Tuesday, October 7, 2008

Time Lords and Showgirls

Here's how this works: I finish reading something, and I tell you about it, and I try not to bore you to death. This time, reviews, of sorts, of Doctor Who: Agent Provocateur (IDW, 2008) and Nevada (DC/Vertigo, 1999).

In 2007, IDW got the license to make Doctor Who comics for the US market, and decided that six-issue miniseries were the way to go. They got Gary Russell, who's been writing Who novels for ages, and feature stories for Doctor Who Magazine since the mid-eighties, to be their first writer, and parceled his six scripts among four artist teams, only one of whom, Nick Roche, depicts the manic energy of the David Tennant series with anything approaching the job I'd like to see done. The other artists are at best passable.

"Agent Provocateur" is weighed down by a remarkably complicated plot and a giant cast of supporting characters, but where it is weighed down the most is in the dialogue. Certainly, Tennant is the Motormouth Doctor, but there has to be a better solution to accurately write for him than filling the most overpacked word balloons you've ever seen on a comic page, leading me to understand at last what the expression "tl,dr" means. Seriously, they were making editorial cartoons a hundred years ago that were easier to read than this mess. Not recommended.

Steve Gerber's fiction has been so important to me over time that, the first time I ever looked back at my own work and realized that I had unconsciously ripped off somebody's work for Marvel Comics - as opposed to intentionally cribbing from somebody like all kids learning to make comics do - it was this soul-crushingly embarassing eight-page proto-GMS Legion episode I did when I was thirteen. It had something to do with a character having a terrible nightmare for some forgotten but critically important reason, reminding him of some nebulous philosophical lesson. About two months after I wrote it, I realized I'd pulled it straight from one of Gerber's Adventure into Fear episodes about a nebulous philosophical lesson that I didn't understand then, either, but I'd somehow subconsciously come to understand that these were the sort of stories that comic books were supposed to tell. Ashamed of my theft, the notebook paper episode in question was crumpled into a ball immediately afterward.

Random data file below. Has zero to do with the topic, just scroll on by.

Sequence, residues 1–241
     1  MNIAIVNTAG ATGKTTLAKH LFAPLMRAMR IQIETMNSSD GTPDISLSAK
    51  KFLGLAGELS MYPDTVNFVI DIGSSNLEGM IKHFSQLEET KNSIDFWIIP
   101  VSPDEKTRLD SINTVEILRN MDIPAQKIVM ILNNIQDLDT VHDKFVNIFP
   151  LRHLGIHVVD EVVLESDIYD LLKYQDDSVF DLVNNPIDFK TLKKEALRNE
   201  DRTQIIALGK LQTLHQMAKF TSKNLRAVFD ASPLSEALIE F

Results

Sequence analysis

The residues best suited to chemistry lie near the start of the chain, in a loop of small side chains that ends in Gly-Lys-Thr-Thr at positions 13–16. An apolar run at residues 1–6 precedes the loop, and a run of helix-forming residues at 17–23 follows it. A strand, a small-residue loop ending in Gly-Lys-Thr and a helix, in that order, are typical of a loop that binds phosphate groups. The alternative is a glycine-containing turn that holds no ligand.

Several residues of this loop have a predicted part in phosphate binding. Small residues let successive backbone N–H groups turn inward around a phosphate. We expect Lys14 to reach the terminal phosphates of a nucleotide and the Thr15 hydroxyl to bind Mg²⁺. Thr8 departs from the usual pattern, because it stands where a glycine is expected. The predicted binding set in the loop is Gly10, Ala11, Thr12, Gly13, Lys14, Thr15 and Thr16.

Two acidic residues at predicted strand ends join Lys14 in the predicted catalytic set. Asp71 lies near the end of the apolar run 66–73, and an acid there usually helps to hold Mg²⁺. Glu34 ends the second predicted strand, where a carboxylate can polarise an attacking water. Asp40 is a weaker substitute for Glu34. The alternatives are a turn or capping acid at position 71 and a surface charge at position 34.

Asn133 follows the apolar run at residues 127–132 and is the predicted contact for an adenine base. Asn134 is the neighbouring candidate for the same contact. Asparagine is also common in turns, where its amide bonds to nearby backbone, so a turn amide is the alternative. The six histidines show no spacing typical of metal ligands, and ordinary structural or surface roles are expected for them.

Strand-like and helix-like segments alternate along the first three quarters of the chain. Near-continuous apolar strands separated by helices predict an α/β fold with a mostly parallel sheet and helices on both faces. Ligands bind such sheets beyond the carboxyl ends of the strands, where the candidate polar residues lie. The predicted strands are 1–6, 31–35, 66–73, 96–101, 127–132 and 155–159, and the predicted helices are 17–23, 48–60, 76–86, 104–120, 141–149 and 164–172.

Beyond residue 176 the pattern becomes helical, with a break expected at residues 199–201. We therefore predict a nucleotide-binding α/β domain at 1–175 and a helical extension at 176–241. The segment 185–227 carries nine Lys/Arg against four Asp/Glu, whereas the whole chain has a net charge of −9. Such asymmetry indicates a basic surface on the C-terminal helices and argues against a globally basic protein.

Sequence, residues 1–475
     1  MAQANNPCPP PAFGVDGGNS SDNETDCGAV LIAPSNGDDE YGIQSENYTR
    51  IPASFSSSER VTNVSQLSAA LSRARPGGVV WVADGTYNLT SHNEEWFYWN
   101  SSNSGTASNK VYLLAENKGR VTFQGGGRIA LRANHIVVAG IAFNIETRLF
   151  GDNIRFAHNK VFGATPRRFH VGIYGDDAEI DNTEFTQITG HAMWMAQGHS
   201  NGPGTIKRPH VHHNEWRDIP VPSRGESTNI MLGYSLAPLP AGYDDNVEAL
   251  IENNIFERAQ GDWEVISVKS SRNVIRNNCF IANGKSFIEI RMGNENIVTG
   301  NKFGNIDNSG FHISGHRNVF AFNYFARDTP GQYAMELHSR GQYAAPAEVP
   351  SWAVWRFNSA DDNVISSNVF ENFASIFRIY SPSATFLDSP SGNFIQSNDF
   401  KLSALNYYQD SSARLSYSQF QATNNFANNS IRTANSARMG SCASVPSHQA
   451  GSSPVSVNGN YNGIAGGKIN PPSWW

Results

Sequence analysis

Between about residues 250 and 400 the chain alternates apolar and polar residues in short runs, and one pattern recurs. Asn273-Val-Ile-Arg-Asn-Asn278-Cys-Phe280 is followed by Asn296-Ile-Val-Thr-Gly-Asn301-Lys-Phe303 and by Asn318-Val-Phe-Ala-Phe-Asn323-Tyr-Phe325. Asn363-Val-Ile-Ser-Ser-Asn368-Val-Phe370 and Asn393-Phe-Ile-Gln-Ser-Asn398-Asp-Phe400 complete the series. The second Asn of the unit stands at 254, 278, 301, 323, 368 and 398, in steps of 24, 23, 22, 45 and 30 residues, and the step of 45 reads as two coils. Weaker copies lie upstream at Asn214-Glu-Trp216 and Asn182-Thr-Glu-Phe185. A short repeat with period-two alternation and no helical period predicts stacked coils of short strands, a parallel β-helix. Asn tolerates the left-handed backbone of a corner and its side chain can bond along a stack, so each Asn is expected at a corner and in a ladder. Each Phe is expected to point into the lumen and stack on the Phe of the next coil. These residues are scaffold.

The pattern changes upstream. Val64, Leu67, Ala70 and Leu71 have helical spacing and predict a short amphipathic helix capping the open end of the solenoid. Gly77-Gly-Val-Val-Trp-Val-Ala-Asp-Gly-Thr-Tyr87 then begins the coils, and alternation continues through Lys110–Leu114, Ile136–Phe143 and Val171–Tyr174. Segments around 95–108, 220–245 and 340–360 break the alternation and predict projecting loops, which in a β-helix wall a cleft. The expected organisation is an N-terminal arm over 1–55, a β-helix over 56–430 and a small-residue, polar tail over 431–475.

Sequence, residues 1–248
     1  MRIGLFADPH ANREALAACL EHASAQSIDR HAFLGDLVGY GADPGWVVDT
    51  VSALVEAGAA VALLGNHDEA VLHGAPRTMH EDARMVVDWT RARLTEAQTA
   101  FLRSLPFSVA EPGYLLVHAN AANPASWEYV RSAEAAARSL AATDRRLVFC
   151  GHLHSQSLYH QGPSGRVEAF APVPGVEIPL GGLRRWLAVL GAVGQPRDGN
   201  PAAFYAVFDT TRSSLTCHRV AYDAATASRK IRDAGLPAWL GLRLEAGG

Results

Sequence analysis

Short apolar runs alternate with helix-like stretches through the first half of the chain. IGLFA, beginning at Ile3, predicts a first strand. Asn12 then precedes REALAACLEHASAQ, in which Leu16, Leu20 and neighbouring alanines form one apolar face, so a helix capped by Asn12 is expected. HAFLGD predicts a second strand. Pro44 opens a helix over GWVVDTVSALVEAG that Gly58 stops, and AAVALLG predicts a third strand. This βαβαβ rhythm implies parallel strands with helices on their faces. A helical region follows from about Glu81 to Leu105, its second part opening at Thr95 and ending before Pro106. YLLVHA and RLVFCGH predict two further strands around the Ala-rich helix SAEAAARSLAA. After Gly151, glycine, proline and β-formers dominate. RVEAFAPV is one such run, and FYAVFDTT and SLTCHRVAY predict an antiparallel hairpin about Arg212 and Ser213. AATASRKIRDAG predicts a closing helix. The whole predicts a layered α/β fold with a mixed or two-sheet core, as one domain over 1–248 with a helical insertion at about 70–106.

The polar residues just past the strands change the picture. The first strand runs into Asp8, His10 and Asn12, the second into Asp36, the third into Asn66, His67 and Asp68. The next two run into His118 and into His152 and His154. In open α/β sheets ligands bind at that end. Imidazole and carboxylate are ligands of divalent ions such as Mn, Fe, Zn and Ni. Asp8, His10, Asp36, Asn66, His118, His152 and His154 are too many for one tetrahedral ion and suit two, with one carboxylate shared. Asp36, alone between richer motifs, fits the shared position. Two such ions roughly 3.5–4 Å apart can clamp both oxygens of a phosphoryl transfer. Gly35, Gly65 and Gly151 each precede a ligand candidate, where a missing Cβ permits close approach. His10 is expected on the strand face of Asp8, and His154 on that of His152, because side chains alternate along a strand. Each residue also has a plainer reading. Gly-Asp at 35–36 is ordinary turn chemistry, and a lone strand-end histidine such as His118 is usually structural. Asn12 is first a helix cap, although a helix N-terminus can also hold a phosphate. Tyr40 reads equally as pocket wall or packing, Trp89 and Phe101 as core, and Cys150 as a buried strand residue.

Nevada has been the first Gerber story that I've reread since he passed away earlier this year. Originally published as a six-issue miniseries by Vertigo in 1998, and preceded by an oddball one-off episode in one of that label's periodic anthologies, it is the story of a Las Vegas showgirl and her pet ostrich getting caught between dueling cosmic forces with an interest in our reality, while the management of the hotel where Nevada performs deals with a rash of grisly murders.

Honestly, it's not a complete success. Episode five is really nothing but nebulous philosophical lessons, but you can certainly look at the many examples of Gerber working through his issues with our existence by putting comic book characters through an emotional wringer and railing at someone who claims to be their creator, and see a vision throughout his work quite unlike anybody else in the medium. While this stuff may be a bit heavy for many readers, Nevada herself is an oddly engaging character, despite her abrasive personality and distance. The police procedural stuff, from investigating the grisly murders to questioning a homeless, drunk former academic - a foreshadowing of the Dr. Fate revival he was working on when he passed - is really interesting stuff. Frankly, I found Nevada's cosmic resolution a small disappointment compared to the human possibilities and potentials that the plot promised, and I use "human" with the caution flag of one antagonist having a lava lamp for a head.

Nevada never returned after this outing; I suppose it didn't sell enough to warrant a follow-up, which is a shame. Despite her short shelf life and cosmic detour, Nevada was a classic Gerber character and we're better for having met her. Recommended for mature readers.

(Originally posted October 07, 2008 at hipsterdad's LJ.)

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